New Westminster, BC, June 23, 2016 – BCSA took 106 compliance and enforcement actions between January 1 and May 31, 2016. Safety managers and safety officers issued 56 warning notices, 43 compliance orders and imposed seven sanctions, including six monetary penalties.
A document issued to a person or company by BC Safety Authority identifying non-compliant behaviour and further advising that future non-compliance of a similar nature will result in progressive enforcement action.
A group of industry subject matter experts formed to address a specific safety issue, activity or project. Working groups research, analyze and make recommendations on a specific safety aspect to their respective technology advisory committee and may be dissolved when the outcome is delivered.
A formal document, in which a client requests permission to deviate from a requirement in a code or regulation without compromising safety. A variance is applicable to an individual circumstance on a single occasion and has no precedential value.
Regulated work that has been done without the required permissions in place.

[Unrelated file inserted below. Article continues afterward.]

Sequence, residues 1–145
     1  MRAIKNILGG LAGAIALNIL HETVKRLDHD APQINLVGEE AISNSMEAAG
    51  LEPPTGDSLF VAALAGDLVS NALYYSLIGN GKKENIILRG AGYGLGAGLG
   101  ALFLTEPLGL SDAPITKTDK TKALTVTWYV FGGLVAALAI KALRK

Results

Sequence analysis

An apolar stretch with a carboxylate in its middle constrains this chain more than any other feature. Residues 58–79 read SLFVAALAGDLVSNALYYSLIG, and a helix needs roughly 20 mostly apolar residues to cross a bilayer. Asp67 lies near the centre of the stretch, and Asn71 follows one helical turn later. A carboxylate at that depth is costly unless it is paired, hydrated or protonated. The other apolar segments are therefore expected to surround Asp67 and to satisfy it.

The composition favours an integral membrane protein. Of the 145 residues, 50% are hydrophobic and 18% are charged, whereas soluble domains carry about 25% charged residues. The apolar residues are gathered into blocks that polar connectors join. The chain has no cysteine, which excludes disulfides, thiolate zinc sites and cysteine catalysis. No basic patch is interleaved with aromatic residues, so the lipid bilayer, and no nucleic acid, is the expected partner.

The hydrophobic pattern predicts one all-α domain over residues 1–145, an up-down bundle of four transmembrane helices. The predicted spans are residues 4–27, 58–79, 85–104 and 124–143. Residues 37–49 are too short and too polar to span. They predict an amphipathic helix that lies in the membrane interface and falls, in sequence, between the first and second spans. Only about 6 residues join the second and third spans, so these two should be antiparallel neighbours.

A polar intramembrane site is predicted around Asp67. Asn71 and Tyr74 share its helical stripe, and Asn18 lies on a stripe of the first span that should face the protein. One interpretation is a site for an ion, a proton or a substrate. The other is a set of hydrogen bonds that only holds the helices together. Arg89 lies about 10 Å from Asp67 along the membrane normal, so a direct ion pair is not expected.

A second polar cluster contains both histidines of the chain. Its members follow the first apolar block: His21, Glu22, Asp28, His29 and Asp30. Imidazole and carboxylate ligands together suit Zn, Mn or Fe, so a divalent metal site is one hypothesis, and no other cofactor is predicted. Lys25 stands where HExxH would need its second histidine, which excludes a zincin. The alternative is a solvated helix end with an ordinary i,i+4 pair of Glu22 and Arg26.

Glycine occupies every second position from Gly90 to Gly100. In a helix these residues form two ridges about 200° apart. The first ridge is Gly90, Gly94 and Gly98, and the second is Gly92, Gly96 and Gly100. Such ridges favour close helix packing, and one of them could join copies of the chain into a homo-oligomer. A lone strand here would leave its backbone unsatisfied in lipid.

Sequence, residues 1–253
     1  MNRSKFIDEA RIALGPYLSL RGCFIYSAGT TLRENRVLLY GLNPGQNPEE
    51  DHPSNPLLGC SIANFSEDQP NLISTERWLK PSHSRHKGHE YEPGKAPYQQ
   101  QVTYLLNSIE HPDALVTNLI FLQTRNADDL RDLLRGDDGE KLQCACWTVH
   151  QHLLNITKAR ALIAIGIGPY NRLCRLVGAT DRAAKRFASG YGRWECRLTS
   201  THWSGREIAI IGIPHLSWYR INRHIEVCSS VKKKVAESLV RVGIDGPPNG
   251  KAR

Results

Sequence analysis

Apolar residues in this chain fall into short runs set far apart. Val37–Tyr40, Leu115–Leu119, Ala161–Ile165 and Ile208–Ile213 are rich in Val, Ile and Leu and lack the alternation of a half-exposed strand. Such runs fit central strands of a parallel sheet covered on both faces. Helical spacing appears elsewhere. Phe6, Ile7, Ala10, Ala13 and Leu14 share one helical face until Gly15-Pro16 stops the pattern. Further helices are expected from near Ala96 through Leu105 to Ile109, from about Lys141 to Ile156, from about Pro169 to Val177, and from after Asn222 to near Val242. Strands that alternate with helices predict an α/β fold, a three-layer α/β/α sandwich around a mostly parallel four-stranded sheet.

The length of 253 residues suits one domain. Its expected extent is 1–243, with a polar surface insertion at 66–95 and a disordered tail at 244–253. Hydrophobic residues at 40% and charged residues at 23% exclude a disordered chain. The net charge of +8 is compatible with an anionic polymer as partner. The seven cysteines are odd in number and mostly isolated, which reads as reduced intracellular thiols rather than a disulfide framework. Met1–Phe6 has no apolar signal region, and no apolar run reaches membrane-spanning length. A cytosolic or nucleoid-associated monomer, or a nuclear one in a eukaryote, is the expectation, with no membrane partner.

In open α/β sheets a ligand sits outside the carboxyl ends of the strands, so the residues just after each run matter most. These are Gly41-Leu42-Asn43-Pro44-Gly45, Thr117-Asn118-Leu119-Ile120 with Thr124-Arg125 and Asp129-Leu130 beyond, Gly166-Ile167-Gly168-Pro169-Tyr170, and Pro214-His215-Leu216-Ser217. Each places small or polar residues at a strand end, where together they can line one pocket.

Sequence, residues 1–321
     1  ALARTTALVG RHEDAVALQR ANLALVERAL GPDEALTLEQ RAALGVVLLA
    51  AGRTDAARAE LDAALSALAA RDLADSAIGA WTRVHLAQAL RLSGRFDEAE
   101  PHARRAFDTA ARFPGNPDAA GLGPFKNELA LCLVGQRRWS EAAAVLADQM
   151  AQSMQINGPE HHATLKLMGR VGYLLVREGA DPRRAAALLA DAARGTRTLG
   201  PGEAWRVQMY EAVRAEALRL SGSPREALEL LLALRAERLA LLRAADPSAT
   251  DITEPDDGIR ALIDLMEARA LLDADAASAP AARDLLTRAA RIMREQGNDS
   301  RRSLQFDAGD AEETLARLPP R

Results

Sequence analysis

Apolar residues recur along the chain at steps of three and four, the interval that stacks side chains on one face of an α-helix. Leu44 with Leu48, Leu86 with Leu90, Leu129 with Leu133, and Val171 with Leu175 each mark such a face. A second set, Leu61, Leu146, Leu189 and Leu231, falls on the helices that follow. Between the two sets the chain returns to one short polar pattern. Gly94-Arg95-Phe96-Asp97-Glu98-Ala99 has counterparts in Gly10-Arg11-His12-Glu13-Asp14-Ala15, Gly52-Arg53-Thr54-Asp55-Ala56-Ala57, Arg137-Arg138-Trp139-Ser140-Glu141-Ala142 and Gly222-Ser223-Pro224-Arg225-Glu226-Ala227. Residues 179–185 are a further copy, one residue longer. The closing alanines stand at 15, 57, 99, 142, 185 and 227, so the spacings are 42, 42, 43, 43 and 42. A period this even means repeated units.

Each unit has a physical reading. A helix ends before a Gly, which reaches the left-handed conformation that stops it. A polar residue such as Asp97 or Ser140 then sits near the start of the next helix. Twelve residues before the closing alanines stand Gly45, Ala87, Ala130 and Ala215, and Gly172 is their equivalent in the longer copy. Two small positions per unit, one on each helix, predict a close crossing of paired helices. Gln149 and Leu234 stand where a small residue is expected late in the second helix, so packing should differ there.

A non-decision-making body, coordinated by BC Safety Authority and comprised of volunteer industry representatives, that has a role in identifying and advising BC Safety Authority on issues related to technical safety, regulatory change and service delivery.
A client group whose engagement with the safety system is critical to the fulfillment of our corporate strategy and critical to safety. This group provides a focus for the business when considering the development or improvement of systems, services or processes.
An action issued to a person or company to correct non-compliant behaviour. Types of sanctions include monetary penalties, discipline orders, or other restrictions issued by a safety manager.
An advisory body comprised of representatives of the ten municipalities that administer the electrical or gas regulations of the Safety Standards Act. The role of the Safety Standards Administrators’ Group is to share safety information, standardize processes and interpretations, and ultimately to promote greater consistency in provincial safety management.